Friday, May 30, 2014



One of my favorite words.

Inspired by three women.  Maya Angleou, Gerda Lerner, and Starhawk.

Thank you, Dr. Angelou.  Thank you so much.

The passing of Dr. Maya Angelou on May 28, 2014, reminded of my of my determination to work to empower women.  Men, too, yes.  But, mostly, women.

Women who aren't told often enough that they are good enough, just as they are.  Women who aren't paid fairly, so that the inequality affects every aspect of their lives and self-esteem.  Women who don't/can't feel safe walking through their neighborhoods at night.  Women who are unaware and deliberately left uneducated about their history.

So many reasons to empower women...

From Dr. Angelou, I first learned to accept my body and my experiences as a source of strength.  That one experience might inform my life, but didn't determine my worth.  I also learned, from watching her poem "Phenomenal Woman" being performed by a trio of women, that sisterhood is powerful.  That together, our voices are stronger and louder.   

When I struggle with being an older student, with being in a profession that too often marginalizes women and women's knowledge, I use Gerda Lerner as my inspiration to keep pushing forward.

Dr. Lerner didn't start graduate school until she was in her forties.  Like me.  And then she let nothing get in her way of building the first Women's History graduate program in the US.  And building a body of scholarship that helped to define the discipline of Women's History, and changed History.  While my goals aren't that lofty, my determination is that strong.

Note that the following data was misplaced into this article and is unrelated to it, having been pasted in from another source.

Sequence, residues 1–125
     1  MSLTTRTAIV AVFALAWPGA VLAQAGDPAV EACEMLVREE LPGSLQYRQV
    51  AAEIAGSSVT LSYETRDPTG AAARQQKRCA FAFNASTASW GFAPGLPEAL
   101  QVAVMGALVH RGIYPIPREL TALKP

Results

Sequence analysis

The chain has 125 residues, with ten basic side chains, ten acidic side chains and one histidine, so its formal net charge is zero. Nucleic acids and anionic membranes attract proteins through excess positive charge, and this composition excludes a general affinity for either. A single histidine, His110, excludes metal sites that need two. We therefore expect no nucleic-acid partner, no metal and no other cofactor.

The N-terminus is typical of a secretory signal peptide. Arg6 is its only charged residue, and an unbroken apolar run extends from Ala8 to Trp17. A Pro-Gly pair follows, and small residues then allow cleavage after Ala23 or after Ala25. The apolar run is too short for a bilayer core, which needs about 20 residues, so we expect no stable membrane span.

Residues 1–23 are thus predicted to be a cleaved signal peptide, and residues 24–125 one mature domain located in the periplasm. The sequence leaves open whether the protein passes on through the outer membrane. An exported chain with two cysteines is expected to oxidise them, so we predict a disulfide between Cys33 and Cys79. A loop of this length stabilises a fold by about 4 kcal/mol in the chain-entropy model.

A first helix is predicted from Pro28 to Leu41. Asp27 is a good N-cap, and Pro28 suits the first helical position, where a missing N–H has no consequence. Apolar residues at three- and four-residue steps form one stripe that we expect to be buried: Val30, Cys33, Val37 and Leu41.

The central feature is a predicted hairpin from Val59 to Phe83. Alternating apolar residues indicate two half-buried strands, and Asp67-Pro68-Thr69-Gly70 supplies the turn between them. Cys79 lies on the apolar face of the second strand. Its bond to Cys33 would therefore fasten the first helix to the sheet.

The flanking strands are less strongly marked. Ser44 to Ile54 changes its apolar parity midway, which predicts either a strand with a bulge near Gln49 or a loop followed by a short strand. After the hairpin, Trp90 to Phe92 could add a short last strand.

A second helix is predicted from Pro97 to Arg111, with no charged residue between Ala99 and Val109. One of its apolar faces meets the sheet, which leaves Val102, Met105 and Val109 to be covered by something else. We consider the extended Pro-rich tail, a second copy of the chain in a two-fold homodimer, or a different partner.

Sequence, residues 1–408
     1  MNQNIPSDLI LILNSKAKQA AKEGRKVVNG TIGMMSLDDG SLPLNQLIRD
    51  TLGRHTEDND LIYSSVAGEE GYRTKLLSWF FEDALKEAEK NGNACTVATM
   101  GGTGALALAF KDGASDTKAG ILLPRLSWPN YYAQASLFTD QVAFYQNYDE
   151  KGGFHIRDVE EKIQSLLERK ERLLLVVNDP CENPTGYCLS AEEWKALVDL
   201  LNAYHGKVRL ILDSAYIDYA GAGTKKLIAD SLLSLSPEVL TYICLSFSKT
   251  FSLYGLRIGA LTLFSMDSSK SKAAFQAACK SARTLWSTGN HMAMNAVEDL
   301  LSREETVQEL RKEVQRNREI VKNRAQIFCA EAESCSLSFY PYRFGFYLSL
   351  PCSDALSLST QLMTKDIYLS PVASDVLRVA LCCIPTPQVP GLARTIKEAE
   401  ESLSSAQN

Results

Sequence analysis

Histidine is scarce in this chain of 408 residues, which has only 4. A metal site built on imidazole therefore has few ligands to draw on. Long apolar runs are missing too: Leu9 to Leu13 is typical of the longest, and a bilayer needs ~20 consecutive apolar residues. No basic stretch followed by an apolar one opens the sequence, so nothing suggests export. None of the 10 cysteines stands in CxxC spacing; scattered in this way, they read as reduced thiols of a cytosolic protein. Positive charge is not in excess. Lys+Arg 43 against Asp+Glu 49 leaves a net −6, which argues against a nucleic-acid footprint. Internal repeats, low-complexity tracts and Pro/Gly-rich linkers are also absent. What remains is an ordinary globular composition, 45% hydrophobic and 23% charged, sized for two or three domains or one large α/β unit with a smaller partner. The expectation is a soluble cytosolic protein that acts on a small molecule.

When I need to remind myself of the power of the feminine, I turn to Starhawk.

I met her years ago, as I tended a ritual fire at the Sekhmet Temple in Nevada.  She was present to lead a large gathering, at a site not far from the Nevada Test Site.  We bumped into each other, working around the fire, nodded, and moved on, two priestesses busy centering their intent.  Throughout the ritual, I was struck by how she quietly directed the energy by honoring the best that each person present had to offer.  Recognizing the power led everyone - women, men, children, into their own empowerment.

The writings of each of these women has transformed my life.  I would not be who I am, where I am, without their wisdom.

Dr. Angelou's passing reminds me that life here on this physical plane is short and precious.  That it's the connections made that last.  That words have power.  That sisterhood is infinite, but needs to be nurtured.

What's my path to empowerment?  This is something I continue to work on.  By connecting with sisters, by writing, by studying, by teaching, by speaking, by being an example.  Mostly, by remaining aware that it's my responsibility to use my power.

Who are your heroes?  How do they inspire you?

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